BPW Reviews Financial Reports; Direction Sought on Water, Sewer, Electric Rates; May Consider Minimal Electric Rate Increase
Financial reports, direction on 2013 water and sewer rates and proposed 2013 electric rates were reviewed Monday, Sept. 10, by the Auburn Board of Public Works.
General Manager Dave Hunter said he was not seeking a definite commitment from the board. Hunter said he was seeking direction from the board to help compile the 2013 budget.
A 3 percent increase may be considered because a tighter increase would run the electric department into the red, Hunter said.
Dick Hahn, board chairman, said many people are struggling to survive but know there was work to be done.
Hunter said he disliked rate increases anymore than anyone else.
“The cost of everything is going up. We need somewhere to get the money. We operate a tight ship. We’re frugal. We only buy what we need. We have a responsibility to the ratepayers to provide service. It’s a lot easier to do 2 to 3 percent increases than 10 to 15 percent rate increases. We depend on the electric department to carry the load, but it has a load it needs to carry. The biggest problem, especially with the water, is it’s not ahead of the curve. The wells plug up with iron,” Hunter said.
Hahn said that BPW did the right thing building the new water and wastewater treatment plants.
The electric department is the only one that keeps its head above water, Hunter said. The water department is in the red while the wastewater department breaks even, he said.
Figures presented by Hunter showed that Auburn’s electrical rate was comparable to other Nebraska Public Power District municipalities.
Residential service charge is $8.70 for both summer and winter. Rates for the first 1000 kilowatt hours are $0.0810 per kilowatt in the summer and $0.0864 in the winter. Rates for more than 1000 kilowatt hours are $0.0810 per kilowatt hours in the summer and $0.0468 per kilowatt hour in the winter.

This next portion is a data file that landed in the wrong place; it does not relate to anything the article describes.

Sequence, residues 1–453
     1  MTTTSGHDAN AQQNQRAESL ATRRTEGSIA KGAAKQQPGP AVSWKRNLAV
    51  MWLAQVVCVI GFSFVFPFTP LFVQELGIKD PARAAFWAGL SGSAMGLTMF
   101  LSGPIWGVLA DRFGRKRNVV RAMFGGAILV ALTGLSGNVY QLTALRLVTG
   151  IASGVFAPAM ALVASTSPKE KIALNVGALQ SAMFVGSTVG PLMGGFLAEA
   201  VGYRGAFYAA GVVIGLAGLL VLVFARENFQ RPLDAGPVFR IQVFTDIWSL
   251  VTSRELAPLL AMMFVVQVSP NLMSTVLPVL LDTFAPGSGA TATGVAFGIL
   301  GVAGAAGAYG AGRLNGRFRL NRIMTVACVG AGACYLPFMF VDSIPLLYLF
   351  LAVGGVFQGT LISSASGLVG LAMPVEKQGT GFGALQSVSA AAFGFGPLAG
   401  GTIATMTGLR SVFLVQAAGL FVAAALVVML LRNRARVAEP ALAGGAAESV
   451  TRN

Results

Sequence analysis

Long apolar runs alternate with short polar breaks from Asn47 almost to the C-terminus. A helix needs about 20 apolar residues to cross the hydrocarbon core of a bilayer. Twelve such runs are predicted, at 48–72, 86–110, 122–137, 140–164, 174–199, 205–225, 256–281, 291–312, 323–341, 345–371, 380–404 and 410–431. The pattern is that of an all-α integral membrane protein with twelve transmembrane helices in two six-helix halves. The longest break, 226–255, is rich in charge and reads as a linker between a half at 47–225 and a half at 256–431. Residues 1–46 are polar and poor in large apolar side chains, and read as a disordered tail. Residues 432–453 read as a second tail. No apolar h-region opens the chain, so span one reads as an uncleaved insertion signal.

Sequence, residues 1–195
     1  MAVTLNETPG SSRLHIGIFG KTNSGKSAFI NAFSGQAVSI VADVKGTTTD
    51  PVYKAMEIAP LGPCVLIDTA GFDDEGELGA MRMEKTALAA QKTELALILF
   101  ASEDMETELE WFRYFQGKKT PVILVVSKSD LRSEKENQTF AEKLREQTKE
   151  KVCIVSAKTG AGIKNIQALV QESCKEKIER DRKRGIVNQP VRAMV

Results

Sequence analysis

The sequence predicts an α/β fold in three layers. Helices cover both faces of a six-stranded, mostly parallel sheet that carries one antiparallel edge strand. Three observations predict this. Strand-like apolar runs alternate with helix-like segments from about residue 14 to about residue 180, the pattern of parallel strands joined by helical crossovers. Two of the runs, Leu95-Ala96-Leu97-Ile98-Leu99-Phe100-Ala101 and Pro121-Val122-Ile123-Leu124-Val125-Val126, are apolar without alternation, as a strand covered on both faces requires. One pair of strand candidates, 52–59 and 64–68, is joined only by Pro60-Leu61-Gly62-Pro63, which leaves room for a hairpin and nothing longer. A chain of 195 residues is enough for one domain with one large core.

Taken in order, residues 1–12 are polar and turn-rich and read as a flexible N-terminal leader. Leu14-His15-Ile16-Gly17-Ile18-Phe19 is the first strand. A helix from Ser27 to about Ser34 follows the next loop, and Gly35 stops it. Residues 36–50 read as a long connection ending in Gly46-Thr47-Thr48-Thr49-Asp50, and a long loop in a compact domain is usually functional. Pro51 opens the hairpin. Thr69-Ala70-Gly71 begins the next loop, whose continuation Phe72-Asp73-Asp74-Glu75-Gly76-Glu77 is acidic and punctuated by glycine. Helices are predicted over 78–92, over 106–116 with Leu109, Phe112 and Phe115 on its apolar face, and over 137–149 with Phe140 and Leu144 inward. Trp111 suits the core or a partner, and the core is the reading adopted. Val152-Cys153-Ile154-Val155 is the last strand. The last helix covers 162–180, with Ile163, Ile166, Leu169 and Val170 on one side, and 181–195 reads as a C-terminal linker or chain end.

General service service charge is $15.30 for both summer and winter. Rates for the first 3,500 kilowatt hours are $0.0847 per kilowatt hour in the summer and $0.0920 per kilowatt hour in the winter. Rates for more than 1000 kilowatt hour are $0.0847 per kilowatt hour in the summer and $0.0620 per kilowatt hour in the winter. The Auburn rates are the lowest of six municipalities of similar size.
In service charges, only Holdrege has a lower rate.
The actual value of electrical building and contents is more than $35,626,986 with only 1 percent placed into depreciation.
Hunter said the water department runs into the red monthly. The department faces huge cost because of infrastructure that is old, worn out and needs replacement.
The average age of the city’s wells is more than 40 years. The newest well was installed in 2003. Seven wells were installed during the 1980s. The other wells were installed in 1946, 1957, 1964 and 1966, respectively. As the wells age, Hunter said pumping capacity increases. The water quality of wells decreases over their useful life, he said.
Hunter said Auburn officials have treated water since 1941, removing iron and manganese. The water is high in both elements. Officials of cities along the lower river basin or the Missouri River face that issue, he said.
It is not uncommon to pull wells every year because of iron levels. That makes maintenance costs high, Hunter said.
Treating water involves removing iron and manganese. Since 1989, officials have had to chlorinate the water. The local aquifer is shallow and has limited supply. Auburn’s water is under the influence of surface water. Hunter said Auburn is among the few cities where water under the influence is treated. He said Fairbury officials do not have to deal with iron and manganese. Falls City officials face iron and manganese issues because of the 2011 flooding.
Monthly average use of water is: residential rural, 7,326 gallons; residential, 4,541 gallons; commercial-rural, 14,381 gallons; commercial, 48,342 gallons and irrigation, 830 gallons.
Hunter said the wastewater department overall is operating well. Rates cover expenses but that was about it, he said. There are numerous manholes which need rehabilitation, and blocks of sewer line needs lining or replacement. Additional funding from the U.S. Department of Agriculture on the wastewater plant fixed the largest problem within the collection system, he said.